But that’s not the only thing that sets him apart. Sternberg wants to tell you all about creepy but cool trees that grow in cemeteries. Heck, I didn’t even know that was a category! He’s teaching a course called Cemetery Botany at the Morton Arboretum on Halloween Day from 1:30 to 3:30 p.m. in the Vistor Center.

They tell me you’ll discover why particular trees are found in cemeteries, what different trees on headstones symbolize, and how cemeteries can contain botanical history. The class will show photos from cemeteries all over the country.

Of course, while I have him in the studio, I’ll ask him about the status of the Kewanee Osage-Orange tree, which was one of the stops on the 2010 Stihl Tour des Trees in July. Guy and I and about sixty cyclists spent a couple of hours with this historic tree, which pre-dates the Civil War. That very day, it was pruned by another superb arborist–and another Guy–Guy Meilleur. As of now, the tree is still standing and healthy…thanks to the work of many people, including the two Guys.

Voting for the environment in Illinois

Voting isn’t what it used to be…and that’s not a bad thing. What I mean is that, in the past, this would be the day when I urged people to get out to the polls next Tuesday, and hoped that rain wouldn’t be forecast because it would hold the numbers down. Well, I’m still urging people to vote on Tuesday, but I know that many (including me) have already cast their ballots. So this kind of last minute information post has less of an effect than it once did.

Nevertheless, many of you haven’t voted yet, and since my passion is the environment, I’m talking today about green issues and which candidates are most likely to support them. That’s why Jack Darin, Director of the Illinois Chapter of the Sierra Club, and Max Muller, Program Director for Environment Illinois are stopping by to talk about their respective organizations’ political endorsements for 2010.

Click here for Illinois political endorsements from Illinois Sierra Club.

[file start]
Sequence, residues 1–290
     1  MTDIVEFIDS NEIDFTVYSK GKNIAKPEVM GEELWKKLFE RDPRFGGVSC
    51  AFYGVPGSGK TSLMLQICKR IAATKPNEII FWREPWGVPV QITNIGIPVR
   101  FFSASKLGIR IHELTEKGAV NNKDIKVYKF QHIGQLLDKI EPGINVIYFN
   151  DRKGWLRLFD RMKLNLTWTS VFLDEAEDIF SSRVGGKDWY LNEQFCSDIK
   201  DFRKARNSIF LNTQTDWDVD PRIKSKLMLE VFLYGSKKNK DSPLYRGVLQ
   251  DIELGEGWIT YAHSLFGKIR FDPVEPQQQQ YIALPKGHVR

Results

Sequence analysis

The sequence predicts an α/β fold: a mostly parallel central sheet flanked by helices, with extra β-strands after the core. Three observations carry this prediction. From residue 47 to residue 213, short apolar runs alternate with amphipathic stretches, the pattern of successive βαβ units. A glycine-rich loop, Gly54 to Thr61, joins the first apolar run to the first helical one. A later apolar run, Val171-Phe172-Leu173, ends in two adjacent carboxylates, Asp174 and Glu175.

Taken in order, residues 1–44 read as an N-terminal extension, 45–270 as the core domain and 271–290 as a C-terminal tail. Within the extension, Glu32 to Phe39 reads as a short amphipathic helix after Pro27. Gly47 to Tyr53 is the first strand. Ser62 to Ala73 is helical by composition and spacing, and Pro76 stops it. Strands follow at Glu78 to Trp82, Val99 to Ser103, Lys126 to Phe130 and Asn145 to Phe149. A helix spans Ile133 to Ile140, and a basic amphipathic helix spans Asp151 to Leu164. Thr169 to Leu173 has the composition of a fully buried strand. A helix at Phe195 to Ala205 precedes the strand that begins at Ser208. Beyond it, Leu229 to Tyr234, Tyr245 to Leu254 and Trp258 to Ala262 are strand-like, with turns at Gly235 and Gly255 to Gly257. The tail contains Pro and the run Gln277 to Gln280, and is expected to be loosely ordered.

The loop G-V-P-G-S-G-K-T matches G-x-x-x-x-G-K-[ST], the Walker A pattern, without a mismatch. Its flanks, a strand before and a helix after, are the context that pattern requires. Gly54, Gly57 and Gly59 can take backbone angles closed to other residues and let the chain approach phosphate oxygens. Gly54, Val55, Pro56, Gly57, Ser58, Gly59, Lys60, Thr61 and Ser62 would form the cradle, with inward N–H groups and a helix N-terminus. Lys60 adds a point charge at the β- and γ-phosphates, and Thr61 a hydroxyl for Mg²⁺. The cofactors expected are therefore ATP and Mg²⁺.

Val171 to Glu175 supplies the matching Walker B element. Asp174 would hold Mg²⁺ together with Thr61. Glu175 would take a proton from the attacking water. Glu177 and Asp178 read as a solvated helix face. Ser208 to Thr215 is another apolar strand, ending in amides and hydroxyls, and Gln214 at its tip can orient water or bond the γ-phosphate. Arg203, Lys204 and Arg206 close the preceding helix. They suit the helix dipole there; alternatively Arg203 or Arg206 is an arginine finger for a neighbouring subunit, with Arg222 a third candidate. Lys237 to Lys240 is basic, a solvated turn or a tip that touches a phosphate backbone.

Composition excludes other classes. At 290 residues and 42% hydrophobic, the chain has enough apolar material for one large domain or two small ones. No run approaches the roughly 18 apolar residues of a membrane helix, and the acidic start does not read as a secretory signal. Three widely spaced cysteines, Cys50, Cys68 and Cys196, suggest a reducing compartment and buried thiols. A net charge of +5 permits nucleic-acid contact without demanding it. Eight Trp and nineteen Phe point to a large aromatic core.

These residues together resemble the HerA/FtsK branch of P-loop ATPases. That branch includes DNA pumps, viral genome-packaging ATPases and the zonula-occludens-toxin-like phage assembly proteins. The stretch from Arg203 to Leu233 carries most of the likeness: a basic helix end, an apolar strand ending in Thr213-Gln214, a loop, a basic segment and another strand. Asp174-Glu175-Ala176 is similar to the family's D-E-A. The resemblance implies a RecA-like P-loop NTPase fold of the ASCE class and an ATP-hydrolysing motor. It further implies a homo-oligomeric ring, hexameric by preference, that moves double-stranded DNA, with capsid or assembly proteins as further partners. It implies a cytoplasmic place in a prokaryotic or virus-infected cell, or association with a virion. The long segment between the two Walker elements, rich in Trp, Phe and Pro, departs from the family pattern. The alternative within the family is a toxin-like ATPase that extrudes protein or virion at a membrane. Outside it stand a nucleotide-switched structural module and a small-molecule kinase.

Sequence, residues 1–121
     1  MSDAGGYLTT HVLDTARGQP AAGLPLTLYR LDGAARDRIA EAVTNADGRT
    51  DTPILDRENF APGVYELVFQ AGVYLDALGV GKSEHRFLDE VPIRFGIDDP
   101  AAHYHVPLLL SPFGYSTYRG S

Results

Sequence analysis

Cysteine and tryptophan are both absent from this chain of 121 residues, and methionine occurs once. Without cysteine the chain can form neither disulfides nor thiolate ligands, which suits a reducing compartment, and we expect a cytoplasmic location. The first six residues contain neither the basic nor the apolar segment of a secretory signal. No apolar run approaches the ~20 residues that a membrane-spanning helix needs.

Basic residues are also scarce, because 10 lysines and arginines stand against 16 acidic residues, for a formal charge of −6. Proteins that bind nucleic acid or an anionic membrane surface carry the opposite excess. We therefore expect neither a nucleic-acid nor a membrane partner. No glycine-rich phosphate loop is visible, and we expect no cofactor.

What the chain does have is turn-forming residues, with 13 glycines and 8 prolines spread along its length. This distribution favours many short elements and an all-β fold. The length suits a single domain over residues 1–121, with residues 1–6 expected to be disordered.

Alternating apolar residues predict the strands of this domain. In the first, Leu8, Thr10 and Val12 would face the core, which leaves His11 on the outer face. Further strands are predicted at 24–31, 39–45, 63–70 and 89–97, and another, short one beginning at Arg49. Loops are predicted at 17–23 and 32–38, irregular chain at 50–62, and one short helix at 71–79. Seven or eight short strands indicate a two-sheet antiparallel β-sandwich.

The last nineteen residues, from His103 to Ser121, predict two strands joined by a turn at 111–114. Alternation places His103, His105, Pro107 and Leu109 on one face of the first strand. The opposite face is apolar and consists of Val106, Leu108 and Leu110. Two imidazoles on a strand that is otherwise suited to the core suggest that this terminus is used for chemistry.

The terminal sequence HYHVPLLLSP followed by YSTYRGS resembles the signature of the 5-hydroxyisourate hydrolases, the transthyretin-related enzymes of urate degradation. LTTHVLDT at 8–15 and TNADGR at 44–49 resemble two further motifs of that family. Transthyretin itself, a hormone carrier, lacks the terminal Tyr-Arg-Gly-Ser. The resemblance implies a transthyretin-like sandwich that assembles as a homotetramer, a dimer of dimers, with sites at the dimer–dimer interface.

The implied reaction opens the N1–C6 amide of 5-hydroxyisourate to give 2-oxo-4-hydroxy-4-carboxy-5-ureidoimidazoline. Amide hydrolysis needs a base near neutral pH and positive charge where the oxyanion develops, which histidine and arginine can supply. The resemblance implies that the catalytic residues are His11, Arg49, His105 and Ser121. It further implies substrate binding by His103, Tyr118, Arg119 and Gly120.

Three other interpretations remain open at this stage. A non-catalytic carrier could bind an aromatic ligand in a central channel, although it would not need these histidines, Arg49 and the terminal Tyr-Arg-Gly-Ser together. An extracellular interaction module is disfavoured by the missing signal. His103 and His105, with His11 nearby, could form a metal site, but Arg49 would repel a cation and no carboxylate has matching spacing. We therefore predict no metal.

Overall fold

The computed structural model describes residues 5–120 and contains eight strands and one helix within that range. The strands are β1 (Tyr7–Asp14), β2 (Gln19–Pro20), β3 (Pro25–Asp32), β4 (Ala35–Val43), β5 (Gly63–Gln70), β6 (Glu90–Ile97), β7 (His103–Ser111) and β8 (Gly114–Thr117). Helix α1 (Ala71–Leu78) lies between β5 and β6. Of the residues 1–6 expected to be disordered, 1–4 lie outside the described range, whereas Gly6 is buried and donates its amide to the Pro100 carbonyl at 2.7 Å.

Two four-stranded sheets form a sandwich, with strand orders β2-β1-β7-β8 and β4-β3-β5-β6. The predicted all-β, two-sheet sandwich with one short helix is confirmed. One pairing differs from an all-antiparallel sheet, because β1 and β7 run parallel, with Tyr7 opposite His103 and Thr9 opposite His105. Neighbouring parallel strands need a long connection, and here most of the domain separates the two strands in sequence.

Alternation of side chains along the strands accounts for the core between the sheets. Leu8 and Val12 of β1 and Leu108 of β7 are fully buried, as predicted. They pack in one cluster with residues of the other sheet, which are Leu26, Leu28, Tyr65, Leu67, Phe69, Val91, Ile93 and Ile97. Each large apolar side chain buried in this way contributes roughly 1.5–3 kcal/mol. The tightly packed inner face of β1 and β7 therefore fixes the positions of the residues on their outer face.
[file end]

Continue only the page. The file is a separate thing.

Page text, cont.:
Click here for Illinois political endorsements from Environment Illinois.

Introducing “Good Growing” on The Mike Nowak Show!

Starting with today’s show, I will be featuring correspondents who stop by once a week for a short segment I call “Good Growing.” I can’t possibly cover everything that’s going on in the gardening/horticulture/urban farming world, so I’ve enlisted the aid of some pretty impressive friends to talk with me about a wide range of topics. For instance:

  • the “new” gardening, with an emphasis on environmental sanity
  • the people who are growing our food, including urban/rural farmers and farmers in training
  • community gardens of all kinds
  • news stories about urban policies, breakthroughs in growing techniques, weather and more
  • tips for gardeners and farmers, whether they grow crops, flowers or both
  • horticultural and environmental events that are of interest to growers

Some of the correspondents will be people like Martha Boyd, Program Director of the Chicago Urban Initiative for Angelic Organics Learning Center and her colleagues Tom Spaulding and Sheri Doyel.

Today, we kick off with Mr. Brown Thumb, who is ubiquitous on blogs, Twitter and Facebook. Here are some of the subjects we will try to get through (probably not all of them…but that’s why you can always go to some of these links.)

Mr. Brown Thumb writes:

Urban Gardening

Now is the time of year when you prepare your garden for next year. Gather fallen leaves and use them as leaf mulch or add them to your compost pile. Plant ornamental bulbs like tulips and edibles like garlic. If you’re too busy to get everything in the ground now, pre-dig holes so you can plop your bulbs into the ground in case we get a hard freeze before you’re finished. Save seeds from your garden to plant next year. You can also sow seeds for perennials that need a cold treatment now directly into the soil.


70-foot blue spruce from McHenry has been chosen to be Chicago’s Christmas tree.

Chicago Wilderness Congress 2010.

Thursday, November 4 9AM-4:30PM . Program covers Chicago Wilderness strategic initiatives: to restore the health of local nature, implement the Chicago Wilderness Green Infrastructure Vision, combat climate change, and leave no child inside. Registration Fee: Registration is $50 at the door student rate $20 more info at www.Chicagowilderness.org/congress.php

Black Farmers & Urban Gardeners Conference

November 19-21 Brooklyn College, Brooklyn, NY. In the 1920 over 14% of U.S farmers were African American. By 2007 that number was less than 2%. The Black Farmers & Urban Gardeners Conference will focus on green jobs and food-related issues that contribute to inequality. Will Allen, Growing Power Founder & CEO will be the keynote speaker on November 20, 2010. More info at http://www.blackfarmersconf.org/home-1


3rd Annual Bioneers at MCC Conference. Saturday November 6th, 2010 Topics include how to make Local Food Happen, Becoming a Locovore, and Healthy Food and Schools. There will be a Green Living Expo added to the event this year that will showcase green services and products.  More info at http://www.mcbioneers.com/

Frontera Farmer Foundation

Midwest family farms that practice sustainable farming can apply for the capital grant from Frontera Farmer Foundation. http://www.rickbayless.com/foundation/downloadapp.html

MrBrownThumb is the screen name of an urban gardener in Chicago. He can be found at his eponymous blog MrBrownThumb and Chicago Garden at ChicagoNow.